The Niagara Wheatfield School Board directed its administrators to return next week with a 2012-13 budget that carries a property tax increase of no more than 5 percent.
Although the board was presented Wednesday night with a proposed budget that reflected a tax increase of a little more than 4 percent, board members were not comfortable with all the suggested cuts it contained.
Late into the three-hour workshop, board President Steven Sabo took an informal poll of the five members present on the 21 cuts administrators recommended to bring the proposed tax hike down from 9.9 percent.
The only areas they would not agree to cut were the elementary art and music programs, which were targeted for the elimination of six teaching positions for a collective savings of $360,000.
The cuts would have virtually ended the formal instruction of both programs except for what classroom teachers could bring to the children.
Sabo said he wanted administrators to recommend "other options" for saving the same amount of money. The board will meet at 7 p.m. Wednesday to decide on a second budget to present to voters.
The list of cuts included a wide range of items that totaled almost $1.6 million in budget reductions, to bring the proposed tax hike to 4.26 percent. The board is trying to reduce the tax hike from the 9.9 percent that voters overwhelmingly rejected May 15, when a $61.8 million spending proposal was presented.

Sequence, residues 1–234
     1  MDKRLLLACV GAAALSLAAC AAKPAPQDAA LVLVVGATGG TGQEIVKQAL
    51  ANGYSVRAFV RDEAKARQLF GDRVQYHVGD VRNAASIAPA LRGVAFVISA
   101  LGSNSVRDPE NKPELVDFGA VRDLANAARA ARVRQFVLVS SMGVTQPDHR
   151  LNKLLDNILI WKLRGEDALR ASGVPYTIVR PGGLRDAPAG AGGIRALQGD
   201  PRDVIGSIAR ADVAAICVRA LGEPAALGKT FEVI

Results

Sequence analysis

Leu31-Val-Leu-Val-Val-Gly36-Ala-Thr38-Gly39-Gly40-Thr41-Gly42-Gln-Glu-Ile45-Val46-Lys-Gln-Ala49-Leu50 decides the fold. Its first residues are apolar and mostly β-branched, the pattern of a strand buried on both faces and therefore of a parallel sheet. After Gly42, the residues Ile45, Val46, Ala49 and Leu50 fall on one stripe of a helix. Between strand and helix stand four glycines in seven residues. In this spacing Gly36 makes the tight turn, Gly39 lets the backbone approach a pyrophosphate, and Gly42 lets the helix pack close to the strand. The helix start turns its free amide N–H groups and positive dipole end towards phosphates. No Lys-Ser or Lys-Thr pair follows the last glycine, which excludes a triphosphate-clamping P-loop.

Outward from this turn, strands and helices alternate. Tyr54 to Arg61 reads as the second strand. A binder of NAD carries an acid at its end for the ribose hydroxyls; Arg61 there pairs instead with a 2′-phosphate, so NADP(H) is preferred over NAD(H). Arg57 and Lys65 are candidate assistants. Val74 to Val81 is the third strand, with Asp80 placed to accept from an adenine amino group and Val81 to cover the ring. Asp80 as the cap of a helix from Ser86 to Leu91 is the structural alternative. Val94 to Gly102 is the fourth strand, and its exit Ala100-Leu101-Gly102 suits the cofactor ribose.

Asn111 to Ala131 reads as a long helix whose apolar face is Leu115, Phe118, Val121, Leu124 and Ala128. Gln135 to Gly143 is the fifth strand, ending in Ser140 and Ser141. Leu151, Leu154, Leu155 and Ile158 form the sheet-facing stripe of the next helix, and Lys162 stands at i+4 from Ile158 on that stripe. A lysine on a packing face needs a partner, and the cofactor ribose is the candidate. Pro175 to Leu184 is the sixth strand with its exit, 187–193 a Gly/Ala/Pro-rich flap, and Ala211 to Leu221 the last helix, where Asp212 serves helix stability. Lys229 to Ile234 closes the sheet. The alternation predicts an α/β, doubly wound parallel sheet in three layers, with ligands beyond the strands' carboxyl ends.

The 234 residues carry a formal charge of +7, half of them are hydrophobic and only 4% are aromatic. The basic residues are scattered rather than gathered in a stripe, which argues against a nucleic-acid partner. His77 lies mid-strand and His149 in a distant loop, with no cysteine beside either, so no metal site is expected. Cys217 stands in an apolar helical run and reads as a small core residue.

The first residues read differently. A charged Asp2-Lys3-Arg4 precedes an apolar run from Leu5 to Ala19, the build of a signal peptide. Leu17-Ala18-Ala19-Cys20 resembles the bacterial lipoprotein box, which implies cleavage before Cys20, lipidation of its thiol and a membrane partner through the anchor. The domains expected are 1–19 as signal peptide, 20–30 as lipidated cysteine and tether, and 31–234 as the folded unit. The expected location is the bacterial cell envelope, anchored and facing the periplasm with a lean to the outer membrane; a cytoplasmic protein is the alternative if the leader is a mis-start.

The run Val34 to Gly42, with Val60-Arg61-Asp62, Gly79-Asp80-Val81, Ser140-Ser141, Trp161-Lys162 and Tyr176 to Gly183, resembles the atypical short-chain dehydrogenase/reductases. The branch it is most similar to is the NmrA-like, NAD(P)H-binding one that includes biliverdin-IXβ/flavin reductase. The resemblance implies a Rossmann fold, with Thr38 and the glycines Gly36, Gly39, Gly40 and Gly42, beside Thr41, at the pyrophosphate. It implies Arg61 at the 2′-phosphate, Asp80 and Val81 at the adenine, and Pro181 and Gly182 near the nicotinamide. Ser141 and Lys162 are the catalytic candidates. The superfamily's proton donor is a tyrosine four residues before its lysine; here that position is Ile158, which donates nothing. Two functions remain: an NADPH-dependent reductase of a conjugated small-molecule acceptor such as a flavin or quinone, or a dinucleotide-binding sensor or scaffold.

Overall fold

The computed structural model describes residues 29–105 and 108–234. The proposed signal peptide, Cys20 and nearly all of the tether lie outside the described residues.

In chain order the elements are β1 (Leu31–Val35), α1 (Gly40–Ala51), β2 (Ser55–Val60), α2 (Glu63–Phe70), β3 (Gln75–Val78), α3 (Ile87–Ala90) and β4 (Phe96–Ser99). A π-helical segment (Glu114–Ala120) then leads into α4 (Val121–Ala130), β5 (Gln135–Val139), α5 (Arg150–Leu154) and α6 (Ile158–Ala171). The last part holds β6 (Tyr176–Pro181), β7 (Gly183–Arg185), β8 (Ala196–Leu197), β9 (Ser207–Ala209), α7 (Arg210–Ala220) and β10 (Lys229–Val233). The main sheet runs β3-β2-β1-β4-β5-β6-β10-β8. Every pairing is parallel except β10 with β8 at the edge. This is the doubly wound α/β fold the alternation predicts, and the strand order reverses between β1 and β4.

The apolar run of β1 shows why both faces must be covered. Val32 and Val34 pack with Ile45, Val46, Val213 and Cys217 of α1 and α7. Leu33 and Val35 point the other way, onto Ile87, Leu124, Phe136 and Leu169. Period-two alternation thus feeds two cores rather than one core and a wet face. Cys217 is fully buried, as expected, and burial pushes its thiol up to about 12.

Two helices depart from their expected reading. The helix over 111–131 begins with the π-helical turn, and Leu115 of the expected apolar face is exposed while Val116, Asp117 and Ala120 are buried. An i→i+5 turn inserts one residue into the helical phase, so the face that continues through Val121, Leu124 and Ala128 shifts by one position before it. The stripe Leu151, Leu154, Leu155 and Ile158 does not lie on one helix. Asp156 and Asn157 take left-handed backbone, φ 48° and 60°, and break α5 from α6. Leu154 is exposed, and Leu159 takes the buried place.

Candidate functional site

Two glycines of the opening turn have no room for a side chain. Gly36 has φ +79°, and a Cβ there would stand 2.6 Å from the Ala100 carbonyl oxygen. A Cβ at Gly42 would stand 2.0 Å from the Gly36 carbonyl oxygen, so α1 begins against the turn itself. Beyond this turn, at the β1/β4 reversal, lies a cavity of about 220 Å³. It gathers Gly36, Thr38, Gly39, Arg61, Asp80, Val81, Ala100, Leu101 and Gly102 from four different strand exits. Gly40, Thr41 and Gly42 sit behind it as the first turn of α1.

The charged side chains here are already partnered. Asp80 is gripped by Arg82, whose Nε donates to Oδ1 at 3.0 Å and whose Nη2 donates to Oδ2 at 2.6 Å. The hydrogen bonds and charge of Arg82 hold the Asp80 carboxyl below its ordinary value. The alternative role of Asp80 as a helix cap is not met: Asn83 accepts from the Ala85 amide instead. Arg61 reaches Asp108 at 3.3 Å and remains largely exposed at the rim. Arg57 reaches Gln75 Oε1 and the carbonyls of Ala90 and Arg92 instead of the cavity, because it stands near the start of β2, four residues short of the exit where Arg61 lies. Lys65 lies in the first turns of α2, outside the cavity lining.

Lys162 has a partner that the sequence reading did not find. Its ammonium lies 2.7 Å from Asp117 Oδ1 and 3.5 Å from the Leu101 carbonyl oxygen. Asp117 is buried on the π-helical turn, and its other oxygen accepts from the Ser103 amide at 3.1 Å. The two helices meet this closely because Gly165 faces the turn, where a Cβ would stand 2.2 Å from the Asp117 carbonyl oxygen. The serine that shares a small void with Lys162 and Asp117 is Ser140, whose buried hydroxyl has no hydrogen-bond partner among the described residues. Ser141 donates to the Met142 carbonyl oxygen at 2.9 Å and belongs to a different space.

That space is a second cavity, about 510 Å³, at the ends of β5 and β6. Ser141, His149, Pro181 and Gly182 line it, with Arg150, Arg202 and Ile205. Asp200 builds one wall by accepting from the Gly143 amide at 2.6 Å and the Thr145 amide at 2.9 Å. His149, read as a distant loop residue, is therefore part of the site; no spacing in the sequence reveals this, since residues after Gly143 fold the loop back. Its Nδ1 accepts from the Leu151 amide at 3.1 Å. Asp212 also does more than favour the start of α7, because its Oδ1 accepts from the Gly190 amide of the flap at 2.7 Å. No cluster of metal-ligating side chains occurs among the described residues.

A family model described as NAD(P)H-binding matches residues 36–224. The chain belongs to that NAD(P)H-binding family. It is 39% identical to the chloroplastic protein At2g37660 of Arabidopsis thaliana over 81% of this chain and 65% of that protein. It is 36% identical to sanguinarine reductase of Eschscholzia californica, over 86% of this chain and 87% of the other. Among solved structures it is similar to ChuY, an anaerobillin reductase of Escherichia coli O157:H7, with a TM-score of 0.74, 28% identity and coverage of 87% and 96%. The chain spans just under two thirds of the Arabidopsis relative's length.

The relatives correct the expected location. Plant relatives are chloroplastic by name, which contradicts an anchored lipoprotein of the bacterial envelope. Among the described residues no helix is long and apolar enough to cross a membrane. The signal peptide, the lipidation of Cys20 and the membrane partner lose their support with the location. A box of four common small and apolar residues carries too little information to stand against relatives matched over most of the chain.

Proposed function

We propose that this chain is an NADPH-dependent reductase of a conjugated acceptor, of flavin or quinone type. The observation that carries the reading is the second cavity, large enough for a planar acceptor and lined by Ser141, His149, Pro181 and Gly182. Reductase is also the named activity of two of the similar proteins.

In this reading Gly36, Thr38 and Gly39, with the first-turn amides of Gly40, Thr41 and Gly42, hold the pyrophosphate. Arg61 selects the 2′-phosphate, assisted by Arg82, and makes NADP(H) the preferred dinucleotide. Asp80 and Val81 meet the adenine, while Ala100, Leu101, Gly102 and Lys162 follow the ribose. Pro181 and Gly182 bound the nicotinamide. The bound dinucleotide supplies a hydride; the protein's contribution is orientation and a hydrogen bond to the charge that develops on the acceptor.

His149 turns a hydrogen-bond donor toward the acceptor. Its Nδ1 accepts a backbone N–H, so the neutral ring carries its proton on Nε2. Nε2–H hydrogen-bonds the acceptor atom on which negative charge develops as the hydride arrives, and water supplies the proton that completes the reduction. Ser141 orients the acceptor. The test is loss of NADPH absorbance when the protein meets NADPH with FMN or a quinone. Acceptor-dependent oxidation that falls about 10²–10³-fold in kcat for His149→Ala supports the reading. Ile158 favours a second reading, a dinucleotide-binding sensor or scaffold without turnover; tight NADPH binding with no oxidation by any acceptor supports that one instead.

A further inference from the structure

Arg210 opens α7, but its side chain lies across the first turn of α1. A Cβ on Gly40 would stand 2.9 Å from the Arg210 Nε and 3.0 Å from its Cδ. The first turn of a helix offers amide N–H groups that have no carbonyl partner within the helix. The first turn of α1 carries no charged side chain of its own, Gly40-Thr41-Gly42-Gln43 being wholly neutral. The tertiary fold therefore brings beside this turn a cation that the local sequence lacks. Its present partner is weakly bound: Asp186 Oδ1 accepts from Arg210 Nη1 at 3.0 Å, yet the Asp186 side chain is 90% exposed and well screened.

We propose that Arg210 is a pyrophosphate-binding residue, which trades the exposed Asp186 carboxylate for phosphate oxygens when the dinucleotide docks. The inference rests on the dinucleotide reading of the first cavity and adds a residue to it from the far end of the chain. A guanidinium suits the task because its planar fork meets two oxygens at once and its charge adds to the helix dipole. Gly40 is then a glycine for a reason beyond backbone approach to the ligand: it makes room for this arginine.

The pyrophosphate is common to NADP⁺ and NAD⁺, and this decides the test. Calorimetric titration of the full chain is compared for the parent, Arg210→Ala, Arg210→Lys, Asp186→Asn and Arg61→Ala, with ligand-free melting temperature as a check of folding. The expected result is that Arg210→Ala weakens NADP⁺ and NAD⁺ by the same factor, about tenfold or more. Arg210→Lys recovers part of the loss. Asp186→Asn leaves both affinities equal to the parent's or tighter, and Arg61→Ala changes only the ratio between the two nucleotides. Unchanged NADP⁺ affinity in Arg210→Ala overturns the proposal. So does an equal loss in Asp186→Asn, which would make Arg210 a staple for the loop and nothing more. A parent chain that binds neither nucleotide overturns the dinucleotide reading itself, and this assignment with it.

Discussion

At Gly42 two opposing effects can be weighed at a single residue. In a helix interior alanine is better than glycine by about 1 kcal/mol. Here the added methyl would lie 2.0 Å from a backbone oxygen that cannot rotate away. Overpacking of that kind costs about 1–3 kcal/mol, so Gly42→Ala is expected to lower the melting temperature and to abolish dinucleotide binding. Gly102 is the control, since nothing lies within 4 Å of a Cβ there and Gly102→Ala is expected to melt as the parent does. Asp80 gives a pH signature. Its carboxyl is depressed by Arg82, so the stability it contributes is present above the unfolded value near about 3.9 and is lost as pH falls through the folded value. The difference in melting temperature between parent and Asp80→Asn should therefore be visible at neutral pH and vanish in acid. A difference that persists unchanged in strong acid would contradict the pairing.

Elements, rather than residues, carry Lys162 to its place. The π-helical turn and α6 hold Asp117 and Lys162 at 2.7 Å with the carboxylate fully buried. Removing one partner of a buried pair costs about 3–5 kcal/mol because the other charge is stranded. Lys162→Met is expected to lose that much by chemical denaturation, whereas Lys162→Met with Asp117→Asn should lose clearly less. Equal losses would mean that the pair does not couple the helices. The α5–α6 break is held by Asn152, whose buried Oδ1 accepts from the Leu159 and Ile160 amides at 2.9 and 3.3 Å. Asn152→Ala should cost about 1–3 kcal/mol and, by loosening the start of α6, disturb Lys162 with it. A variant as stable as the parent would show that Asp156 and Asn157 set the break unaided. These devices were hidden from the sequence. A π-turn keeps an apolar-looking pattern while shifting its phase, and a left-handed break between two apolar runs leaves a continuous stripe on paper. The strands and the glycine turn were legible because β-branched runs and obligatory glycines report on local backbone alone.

The first budget already contained nearly $4.1 million in reductions.
If the second budget is rejected by voters June 19, Niagara Wheatfield will be forced to adopt a contingency budget that carries no tax increase, a situation officials said would devastate the instructional system. Sabo said he wanted the numbers for the contingency budget, too.
Included on the list of cuts approved by the board are: a wage freeze for non-union employees, a savings of $109,000; applying a $120,000 grant intended for the prekindergarten program to the tax levy; an administrative instructional leadership position at $60,000; $100,000 in reduced legal expenses; a $60,000 guidance counselor; an administrative intern position at $43,710; another $79,355 in athletic program reductions; a monthlong furlough of building cleaners to save $73,830; no floor waxing over the summer, $30,000; along with several other items. The largest amount is the $431,000 in unassigned funding that will be applied to the levy.
To bring the budget tax rate down to zero, the district would have to implement cuts in nearly all areas that are classified as nonmandatory by the state. These would include pre-K, kindergarten, all elementary library, music and art teachers, elementary guidance, summer school, extracurricular activities, interscholastic sports, elective and Advanced Placement courses, school monitors, bus attendants and some level of transportation.